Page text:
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  1. #1
    Senior Member Ruff's Avatar
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    Removing old blue Loctite from threads and such

    I'm more specifically talking about 'Guntite,' as sold by Uncle Mike's. I had quite a problem with it while I was fast-mounting a scope, could not get all of it out of the threads both the male and female bolt components, it was there like dried glue or varnish, which meant I couldn't even estimate the proper torques. I'll eventually be wanting to remount the scope with more care, esp because it came out wildly off target, so my problem is:

    How do I completely remove the old Loctite next time? Heat or what? This has never happened to me before, the stuff would just flake away when the thread lock was broken.
    "All organizations that are not actually right-wing will over time become left-wing." --John O'Sullivan (1989)

    CCFR, CSSA, NRA, and OFAH (yeah, I know)

  2. #2
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    A wire brush and some elbow grease ought to solve that problem. If not and you're concerned about it interfering with correct torque values then most receiver screws are one of 3 standard sizes. As long as you bring an example to your local gun shop I'd wager they'll likely have replacement screws on hand.

    Sent from my SM-G920W8 using Tapatalk

  3. #3
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    Mineral spirits should lift it off the metal then you can scrub it off. If that's not doing a reasonable job paint stripper is the stronger alternative recommended by Loctite.

    From the Loctite site (Loctite Threadlocker Blue 242):

    Cleanup

    Clean adhesive residue immediately with a damp cloth. Cured product can be removed with a combination of soaking in methylene chloride and mechanical abrasion such as a wire brush.

    For disassembly, shear with standard hand tools and remove with methylene chloride. In rare instances where hand tools do not work because of excessive engagement length, apply localized heat to nut or bolt to approximately 482F (250C). Disassemble while hot.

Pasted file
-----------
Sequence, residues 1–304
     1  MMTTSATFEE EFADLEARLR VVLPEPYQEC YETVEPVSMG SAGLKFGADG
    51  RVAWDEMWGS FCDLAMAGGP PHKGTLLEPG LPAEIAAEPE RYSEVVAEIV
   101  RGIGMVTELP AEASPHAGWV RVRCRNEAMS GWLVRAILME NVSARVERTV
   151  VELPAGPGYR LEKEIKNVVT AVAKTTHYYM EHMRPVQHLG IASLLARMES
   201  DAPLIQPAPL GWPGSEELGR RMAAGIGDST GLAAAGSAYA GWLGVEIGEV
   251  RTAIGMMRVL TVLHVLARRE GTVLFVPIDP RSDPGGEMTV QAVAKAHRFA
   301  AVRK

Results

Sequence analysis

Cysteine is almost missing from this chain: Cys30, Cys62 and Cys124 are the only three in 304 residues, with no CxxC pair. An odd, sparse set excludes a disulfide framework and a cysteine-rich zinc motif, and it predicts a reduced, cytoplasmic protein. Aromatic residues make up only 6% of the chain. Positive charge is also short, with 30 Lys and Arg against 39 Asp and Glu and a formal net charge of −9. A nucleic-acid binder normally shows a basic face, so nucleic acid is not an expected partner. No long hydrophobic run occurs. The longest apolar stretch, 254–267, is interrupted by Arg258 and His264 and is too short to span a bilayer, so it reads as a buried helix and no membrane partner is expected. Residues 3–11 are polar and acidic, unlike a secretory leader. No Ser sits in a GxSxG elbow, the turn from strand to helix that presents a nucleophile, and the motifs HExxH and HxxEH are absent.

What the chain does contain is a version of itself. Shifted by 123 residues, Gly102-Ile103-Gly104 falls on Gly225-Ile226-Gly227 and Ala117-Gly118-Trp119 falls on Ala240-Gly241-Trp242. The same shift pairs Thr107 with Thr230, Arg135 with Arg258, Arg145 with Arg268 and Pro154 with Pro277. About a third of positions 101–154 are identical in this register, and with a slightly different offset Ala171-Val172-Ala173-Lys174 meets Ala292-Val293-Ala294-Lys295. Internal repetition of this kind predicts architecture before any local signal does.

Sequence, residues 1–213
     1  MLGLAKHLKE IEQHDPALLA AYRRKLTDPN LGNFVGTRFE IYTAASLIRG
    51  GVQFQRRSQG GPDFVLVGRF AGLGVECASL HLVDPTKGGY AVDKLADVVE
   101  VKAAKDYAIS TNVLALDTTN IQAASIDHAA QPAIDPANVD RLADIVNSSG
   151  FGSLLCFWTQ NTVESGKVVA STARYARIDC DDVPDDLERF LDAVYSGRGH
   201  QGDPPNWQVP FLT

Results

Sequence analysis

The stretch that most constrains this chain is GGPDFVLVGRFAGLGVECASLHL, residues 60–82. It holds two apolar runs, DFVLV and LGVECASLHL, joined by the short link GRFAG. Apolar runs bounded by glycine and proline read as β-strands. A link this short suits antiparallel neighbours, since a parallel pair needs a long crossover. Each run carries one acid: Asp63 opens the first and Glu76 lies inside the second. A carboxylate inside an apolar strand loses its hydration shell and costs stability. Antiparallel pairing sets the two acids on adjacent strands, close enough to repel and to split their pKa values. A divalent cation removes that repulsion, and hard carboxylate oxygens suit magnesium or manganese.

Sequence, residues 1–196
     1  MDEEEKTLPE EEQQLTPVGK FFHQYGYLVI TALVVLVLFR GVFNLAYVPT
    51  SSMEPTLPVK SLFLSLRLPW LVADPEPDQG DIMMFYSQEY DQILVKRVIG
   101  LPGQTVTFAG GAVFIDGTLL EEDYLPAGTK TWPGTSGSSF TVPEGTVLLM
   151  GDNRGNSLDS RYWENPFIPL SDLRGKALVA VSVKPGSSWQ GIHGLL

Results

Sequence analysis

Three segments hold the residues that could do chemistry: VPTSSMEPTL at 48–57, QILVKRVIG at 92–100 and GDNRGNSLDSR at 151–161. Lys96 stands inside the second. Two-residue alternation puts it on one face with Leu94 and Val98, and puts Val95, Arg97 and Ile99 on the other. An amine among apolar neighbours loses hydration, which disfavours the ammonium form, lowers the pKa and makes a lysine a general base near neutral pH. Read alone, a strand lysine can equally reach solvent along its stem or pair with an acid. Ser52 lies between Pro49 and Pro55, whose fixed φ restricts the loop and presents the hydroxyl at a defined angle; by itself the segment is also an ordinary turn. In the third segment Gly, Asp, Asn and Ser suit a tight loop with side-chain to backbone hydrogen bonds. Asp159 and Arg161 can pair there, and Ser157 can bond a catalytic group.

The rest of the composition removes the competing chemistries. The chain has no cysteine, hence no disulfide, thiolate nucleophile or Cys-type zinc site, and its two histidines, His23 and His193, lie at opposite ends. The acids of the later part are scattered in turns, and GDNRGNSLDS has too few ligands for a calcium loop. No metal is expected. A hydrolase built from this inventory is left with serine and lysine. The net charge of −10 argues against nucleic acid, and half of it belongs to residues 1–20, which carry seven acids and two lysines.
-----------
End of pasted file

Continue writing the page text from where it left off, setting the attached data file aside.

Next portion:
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  5. #4
    Senior Member stewbud's Avatar
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    I have found that apply heat with the tip of an electric soldering gun really helps to localize the heat to get screws out that have thread locker applied to them.

    While the gun is still warm a q-tip with solvent often removes the stubborn adhesive residue.

  6. #5
    Senior Member LB303's Avatar
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    Just a word of caution about methylene chloride:

    Methylene chloride is a chlorinated hydrocarbon that has been used as an inhalation anesthetic and acts as a narcotic in high concentrations. Its primary use is as a solvent in manufacturing and food technology.
    Methylene Chloride is a clear, colorless, nonflammable, volatile liquid chlorinated hydrocarbon with a sweet, pleasant smell and emits highly toxic fumes of phosgene when heated to decomposition. Methylene chloride is primarily used as a solvent in paint removers, but is also used in aerosol formulations, as a solvent in the manufacture of pharmaceuticals, as a degreasing agent, in electronics manufacturing and as an ethane foam blowing agent. Inhalation exposure to this substance irritates the nose and throat and affects the central nervous system. Methylene chloride is a possible mutagen and is reasonably anticipated to be a human carcinogen. (NCI05)